Duration dependence in unemployment insurance and social assistance; consequences of profiling for the unemployed
AbstractIt is well-known that the probability of an unemployed person finding a job decreases over the unemployment spell. On the one hand, this results from duration dependence at the individual level: unemployed job seekers may become discouraged, loose their working skills and become stigmatised by potential employers (‘pure' individual effects). On the other hand, if there is variation between individual exit rates, there is dynamic sorting of the unemployed with low exit probabilities (‘sorting effects'). Based on Dutch micro-data of social assistance (SA) and unemployment insurance beneficiaries (UI) for 1989-1996, we investigate to what extent this so-called ‘negative duration dependence' is due to sorting effects, as well as ‘pure' individual effects. The analysis suggests that after an unemployment spell of half a year, the decrease in the job finding rate for SA recipients can be attributed for 20% to 25% to sorting effects. After a three- to four-year period, the probability to find a job deteriorates further, but only due to individual duration effects. For UI recipients, similar results are found. From this, we conclude that profiling measures that target the inflow of unemployed with bad job prospects bear an important risk: unemployed that are initially classified as having good job prospects may also become long-term unemployed. Therefore, labor market policies should also focus on general measures, for example, by encouraging search activities of all workers that have spent a certain length of time in unemployment.
Download InfoIf you experience problems downloading a file, check if you have the proper application to view it first. In case of further problems read the IDEAS help page. Note that these files are not on the IDEAS site. Please be patient as the files may be large.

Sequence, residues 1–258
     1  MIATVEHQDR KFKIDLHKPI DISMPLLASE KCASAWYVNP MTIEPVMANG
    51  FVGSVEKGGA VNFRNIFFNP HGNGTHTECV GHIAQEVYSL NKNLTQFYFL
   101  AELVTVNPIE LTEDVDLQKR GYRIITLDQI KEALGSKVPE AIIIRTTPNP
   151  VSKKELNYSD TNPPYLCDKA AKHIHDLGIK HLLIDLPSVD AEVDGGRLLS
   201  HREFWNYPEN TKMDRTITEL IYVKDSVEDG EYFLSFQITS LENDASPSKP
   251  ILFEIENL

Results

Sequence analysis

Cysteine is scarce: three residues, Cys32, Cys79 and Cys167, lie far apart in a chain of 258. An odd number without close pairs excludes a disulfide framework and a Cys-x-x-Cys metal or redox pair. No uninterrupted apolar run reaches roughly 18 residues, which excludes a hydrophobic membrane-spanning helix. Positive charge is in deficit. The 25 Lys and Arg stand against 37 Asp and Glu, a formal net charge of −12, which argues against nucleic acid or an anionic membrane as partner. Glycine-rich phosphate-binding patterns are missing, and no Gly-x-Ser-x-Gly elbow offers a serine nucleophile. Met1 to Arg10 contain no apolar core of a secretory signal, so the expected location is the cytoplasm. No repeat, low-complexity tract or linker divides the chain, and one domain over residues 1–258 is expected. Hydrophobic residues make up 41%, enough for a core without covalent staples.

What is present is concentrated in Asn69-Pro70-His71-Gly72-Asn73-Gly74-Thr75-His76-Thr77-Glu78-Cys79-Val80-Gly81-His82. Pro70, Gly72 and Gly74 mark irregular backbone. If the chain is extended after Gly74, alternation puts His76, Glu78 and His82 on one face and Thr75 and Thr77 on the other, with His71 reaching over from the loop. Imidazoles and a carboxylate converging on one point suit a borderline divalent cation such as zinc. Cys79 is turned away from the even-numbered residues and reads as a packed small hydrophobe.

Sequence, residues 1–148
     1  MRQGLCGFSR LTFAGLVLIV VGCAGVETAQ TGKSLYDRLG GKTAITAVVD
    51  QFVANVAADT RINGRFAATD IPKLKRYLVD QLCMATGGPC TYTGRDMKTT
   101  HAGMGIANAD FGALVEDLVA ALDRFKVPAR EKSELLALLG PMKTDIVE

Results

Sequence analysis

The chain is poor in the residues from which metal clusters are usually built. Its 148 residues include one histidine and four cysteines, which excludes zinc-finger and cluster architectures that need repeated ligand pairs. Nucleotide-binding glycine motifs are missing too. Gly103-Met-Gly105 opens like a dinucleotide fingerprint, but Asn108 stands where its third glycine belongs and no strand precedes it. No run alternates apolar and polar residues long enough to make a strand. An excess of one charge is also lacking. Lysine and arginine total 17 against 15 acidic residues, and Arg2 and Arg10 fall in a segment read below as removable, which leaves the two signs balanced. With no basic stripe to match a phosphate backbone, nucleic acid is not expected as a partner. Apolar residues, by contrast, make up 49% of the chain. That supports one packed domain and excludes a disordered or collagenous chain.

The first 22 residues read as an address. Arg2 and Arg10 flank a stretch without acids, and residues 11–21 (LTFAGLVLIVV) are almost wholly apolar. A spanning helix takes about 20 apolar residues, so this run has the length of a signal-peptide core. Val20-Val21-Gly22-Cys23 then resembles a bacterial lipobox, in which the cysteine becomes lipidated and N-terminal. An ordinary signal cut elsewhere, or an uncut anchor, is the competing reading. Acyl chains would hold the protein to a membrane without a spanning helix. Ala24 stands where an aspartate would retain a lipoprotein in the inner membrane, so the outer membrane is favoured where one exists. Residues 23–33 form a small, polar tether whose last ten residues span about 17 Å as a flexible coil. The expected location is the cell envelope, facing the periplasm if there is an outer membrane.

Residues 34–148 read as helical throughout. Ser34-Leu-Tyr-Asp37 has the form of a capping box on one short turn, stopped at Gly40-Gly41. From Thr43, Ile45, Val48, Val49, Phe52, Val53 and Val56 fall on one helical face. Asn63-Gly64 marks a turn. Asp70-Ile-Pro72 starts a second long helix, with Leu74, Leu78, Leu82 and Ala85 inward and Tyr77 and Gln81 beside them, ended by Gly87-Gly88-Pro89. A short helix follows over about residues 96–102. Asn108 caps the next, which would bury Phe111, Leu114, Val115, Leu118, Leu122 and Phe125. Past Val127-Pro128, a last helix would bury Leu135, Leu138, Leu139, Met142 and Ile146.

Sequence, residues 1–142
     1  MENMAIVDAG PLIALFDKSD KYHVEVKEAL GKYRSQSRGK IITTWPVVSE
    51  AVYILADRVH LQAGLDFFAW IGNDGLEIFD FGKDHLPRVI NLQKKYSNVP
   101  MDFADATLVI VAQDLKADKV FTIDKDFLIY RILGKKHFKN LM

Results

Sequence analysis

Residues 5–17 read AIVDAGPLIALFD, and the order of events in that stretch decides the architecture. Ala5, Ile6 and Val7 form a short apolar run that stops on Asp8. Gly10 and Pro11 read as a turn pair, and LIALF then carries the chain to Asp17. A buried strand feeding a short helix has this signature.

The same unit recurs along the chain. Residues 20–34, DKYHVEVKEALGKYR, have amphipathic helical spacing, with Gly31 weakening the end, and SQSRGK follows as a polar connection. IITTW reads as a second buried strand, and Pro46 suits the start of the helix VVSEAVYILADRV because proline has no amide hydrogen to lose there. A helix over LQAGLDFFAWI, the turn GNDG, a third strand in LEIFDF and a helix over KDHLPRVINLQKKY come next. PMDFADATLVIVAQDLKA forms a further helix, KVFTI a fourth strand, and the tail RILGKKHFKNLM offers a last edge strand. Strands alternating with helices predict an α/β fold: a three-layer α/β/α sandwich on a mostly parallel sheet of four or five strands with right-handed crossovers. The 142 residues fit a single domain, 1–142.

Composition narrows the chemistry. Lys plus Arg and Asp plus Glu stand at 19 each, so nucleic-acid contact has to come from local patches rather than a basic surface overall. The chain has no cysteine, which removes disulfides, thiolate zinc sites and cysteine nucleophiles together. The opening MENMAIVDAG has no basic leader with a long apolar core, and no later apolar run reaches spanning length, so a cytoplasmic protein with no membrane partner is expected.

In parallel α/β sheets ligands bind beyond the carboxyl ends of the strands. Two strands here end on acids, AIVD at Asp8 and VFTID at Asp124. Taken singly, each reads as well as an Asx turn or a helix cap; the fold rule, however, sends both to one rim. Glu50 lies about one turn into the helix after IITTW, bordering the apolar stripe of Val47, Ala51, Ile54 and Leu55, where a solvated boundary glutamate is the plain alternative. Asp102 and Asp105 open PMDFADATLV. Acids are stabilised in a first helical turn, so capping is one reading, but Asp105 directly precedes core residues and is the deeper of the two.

Bibliographic InfoPaper provided by CPB Netherlands Bureau for Economic Policy Analysis in its series CPB Research Memorandum with number 163.
Date of creation: May 2000
Date of revision:
Find related papers by JEL classification:
- C41 - Mathematical and Quantitative Methods - - Econometric and Statistical Methods: Special Topics - - - Duration Analysis; Optimal Timing Strategies
- J64 - Labor and Demographic Economics - - Mobility, Unemployment, Vacancies, and Immigrant Workers - - - Unemployment: Models, Duration, Incidence, and Job Search
This paper has been announced in the following NEP Reports:
- NEP-ALL-2002-04-25 (All new papers)
- NEP-IAS-2002-05-07 (Insurance Economics)
- NEP-LAB-2002-04-25 (Labour Economics)
Please report citation or reference errors to , or , if you are the registered author of the cited work, log in to your RePEc Author Service profile, click on "citations" and make appropriate adjustments.:
- Dale Mortensen, 1984.
"Job Search and Labor Market Analysis,"
594, Northwestern University, Center for Mathematical Studies in Economics and Management Science.
For technical questions regarding this item, or to correct its authors, title, abstract, bibliographic or download information, contact: ().
If references are entirely missing, you can add them using this form.